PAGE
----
The neural plate cells in an axolotl embryo are approximately 600 times larger than those of humans by volume. Axol’s have a complex and large genome that is almost ten times the size of a human genome, making it a daunting challenge to study this species entirely. While other animals or humans have uniform traits across cells, the cell pigmentation of axolotls differs widely from cell to cell.

It helps researchers understand which tissues in an embryo develop into which organs.

Axol’s are the perfect amphibians for research since you can breed them in labs with ease. They are hardy animals, and axolotl care is not taxing. Axol’s have played a crucial part in scientific research for a long time.

In the 1920s, scientists used them for the discovery of thyroid hormones. In this process, they fed thyroid tissue from livestock to axolotls.


If the tissue had secreted hormones, it would have led to metamorphosed axolotls that would not have gills and shed their axolotl larval skin.


Scientists studied the axol’s in the 1980s to develop a model for explaining how cells take on different forms in embryos.

According to the cell state splitter model, you can convert several stem cells into specific tissues in the body. The cell of axol’s squeeze and stretch before forming tissues.


Studies done on axol’s in the early 20th century helped scientists understand how organs develop and function in vertebrates. This axolotl information helped shed light on the causes of spina bifida in humans.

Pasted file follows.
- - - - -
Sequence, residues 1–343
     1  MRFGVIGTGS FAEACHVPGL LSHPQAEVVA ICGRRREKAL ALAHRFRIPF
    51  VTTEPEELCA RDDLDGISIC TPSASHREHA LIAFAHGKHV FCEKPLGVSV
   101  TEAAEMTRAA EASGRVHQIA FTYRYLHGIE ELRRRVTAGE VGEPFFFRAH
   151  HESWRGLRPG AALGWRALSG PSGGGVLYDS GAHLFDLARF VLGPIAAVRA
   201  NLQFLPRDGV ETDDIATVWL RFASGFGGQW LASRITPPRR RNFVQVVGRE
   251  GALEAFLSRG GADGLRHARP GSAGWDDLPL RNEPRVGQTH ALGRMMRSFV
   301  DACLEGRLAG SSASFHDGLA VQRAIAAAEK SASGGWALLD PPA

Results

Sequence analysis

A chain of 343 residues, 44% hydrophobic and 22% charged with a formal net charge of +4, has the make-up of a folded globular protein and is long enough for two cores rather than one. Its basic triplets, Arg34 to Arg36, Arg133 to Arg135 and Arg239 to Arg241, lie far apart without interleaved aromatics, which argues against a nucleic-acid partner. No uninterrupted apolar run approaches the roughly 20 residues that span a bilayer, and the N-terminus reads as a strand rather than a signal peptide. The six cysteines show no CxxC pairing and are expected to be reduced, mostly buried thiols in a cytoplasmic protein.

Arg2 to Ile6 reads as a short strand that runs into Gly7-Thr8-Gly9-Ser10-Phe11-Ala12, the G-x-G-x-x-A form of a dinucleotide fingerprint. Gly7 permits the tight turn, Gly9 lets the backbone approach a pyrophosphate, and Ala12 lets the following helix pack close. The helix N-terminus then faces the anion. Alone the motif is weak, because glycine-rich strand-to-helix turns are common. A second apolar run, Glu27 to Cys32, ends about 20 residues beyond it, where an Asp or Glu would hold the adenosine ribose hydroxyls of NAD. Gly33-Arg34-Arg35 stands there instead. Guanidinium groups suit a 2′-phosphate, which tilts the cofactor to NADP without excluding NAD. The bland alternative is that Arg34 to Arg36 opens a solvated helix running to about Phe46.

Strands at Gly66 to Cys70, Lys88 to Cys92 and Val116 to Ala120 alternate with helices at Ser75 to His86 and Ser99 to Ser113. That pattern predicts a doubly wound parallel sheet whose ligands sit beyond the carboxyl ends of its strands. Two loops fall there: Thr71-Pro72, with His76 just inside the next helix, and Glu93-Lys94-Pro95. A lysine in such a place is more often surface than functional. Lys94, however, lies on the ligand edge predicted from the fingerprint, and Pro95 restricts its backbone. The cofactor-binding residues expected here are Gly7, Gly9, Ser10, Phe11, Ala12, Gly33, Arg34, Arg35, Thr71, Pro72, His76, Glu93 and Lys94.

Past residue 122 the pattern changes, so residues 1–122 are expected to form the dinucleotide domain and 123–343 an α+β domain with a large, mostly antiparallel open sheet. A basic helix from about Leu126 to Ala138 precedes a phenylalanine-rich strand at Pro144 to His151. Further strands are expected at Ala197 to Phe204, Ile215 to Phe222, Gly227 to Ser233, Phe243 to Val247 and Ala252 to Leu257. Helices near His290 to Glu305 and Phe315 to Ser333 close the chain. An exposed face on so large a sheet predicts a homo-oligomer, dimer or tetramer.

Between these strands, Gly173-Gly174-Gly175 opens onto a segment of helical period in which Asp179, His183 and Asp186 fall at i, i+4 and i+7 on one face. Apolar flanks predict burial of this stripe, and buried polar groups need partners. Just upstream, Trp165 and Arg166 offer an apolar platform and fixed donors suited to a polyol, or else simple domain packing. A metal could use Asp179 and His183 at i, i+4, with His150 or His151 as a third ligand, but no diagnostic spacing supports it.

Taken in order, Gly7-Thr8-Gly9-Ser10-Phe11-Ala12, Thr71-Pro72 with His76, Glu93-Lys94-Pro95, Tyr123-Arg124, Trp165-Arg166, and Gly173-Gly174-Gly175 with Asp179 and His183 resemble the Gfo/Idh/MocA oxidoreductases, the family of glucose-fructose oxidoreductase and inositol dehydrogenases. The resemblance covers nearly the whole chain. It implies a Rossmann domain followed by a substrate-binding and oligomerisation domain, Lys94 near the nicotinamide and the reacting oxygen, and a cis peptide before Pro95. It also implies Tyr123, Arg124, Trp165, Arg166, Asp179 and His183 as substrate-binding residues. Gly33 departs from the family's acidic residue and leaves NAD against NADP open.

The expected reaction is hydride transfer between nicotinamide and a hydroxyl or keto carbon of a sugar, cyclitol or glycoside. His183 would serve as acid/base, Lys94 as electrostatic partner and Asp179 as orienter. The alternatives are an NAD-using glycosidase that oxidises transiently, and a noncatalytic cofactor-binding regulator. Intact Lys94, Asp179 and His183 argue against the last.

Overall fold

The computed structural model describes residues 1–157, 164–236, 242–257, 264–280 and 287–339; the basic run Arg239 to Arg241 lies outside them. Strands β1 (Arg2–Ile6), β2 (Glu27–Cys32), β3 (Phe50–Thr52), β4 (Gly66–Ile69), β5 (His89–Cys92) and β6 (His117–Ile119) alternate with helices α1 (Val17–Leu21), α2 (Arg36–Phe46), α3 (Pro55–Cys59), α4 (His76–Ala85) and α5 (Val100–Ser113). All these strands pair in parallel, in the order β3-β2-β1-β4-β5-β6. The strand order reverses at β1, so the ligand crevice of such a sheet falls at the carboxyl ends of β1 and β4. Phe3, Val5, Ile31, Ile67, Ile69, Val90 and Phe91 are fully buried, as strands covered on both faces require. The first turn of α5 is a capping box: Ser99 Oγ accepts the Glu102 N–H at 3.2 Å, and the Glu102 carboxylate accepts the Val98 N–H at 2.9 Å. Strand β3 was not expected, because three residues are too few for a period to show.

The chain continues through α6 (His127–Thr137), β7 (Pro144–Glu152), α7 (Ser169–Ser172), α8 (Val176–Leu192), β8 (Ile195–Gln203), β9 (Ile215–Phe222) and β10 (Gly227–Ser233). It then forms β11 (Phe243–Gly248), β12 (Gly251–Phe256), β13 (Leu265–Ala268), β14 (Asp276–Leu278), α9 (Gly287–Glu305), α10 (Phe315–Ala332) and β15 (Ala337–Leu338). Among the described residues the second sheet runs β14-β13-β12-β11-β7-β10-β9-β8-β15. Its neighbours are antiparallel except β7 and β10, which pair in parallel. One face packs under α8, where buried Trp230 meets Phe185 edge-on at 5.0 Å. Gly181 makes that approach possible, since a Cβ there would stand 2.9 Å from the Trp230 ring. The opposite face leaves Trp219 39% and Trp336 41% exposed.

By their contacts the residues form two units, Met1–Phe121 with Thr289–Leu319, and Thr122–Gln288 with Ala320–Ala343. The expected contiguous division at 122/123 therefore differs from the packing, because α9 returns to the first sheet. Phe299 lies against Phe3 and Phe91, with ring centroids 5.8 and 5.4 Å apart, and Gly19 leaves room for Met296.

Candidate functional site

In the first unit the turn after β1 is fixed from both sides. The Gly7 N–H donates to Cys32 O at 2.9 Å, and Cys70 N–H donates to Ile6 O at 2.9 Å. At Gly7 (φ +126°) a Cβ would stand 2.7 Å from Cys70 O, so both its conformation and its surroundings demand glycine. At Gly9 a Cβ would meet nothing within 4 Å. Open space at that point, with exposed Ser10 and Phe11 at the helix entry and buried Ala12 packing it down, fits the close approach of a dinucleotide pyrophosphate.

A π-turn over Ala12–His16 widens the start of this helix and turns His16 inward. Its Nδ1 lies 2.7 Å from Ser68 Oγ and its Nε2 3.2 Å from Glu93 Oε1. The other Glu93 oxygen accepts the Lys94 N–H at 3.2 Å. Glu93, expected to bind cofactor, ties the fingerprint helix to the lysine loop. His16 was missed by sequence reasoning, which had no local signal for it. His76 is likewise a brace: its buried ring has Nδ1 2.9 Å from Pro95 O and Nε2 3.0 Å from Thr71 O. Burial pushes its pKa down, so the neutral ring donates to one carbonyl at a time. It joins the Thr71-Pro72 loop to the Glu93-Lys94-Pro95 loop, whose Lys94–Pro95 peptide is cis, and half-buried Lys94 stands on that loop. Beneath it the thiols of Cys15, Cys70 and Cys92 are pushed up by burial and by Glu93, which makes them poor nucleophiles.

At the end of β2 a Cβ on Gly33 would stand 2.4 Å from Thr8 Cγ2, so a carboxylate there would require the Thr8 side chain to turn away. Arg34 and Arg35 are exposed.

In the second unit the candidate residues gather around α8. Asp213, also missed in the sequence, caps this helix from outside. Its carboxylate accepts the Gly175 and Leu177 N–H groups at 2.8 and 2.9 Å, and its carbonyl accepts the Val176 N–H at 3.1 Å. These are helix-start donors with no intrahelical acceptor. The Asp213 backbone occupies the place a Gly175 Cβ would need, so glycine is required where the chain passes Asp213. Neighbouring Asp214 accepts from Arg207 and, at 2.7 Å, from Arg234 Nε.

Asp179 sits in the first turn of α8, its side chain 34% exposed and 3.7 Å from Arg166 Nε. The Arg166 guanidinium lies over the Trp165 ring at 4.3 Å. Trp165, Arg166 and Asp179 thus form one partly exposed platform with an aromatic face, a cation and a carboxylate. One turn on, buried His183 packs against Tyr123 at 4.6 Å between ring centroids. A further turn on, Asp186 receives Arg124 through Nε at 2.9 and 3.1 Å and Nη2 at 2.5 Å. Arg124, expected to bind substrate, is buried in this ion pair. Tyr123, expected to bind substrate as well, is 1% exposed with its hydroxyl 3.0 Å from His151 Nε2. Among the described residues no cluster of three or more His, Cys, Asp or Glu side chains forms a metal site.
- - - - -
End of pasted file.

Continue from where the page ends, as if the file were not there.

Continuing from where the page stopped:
It is a defect that occurs at birth that prevents the spine from forming well. In 2011, extract from axol’s oocytes was used to stop the breast cancer cells from multiplying. This extract worked by switching on a tumor-suppressor gene.


Axolotls possess an enormous genome. There are approximately 32 billion pairs of DNA nucleotides in axol’s, and their genome dwarfs the human genome, which is about ten times smaller. So far, the axol’s genome is the largest sequenced animal genome from beginning to end.

The declining numbers of axol’s have affected the role played by them in scientific research. Inbred axol’s have less genetic diversity as the mating happens between related animals.

Scientists have also tried to alter the gene pool by trying other animals crossing axolotls. The inbreeding crossing of the axol’s with the tiger salamander has introduced some genetic diversity, but the animal is now very different from the one found in the wild. These inbred variants not only have an altered genome but are also highly domesticated.


Axolotl regeneration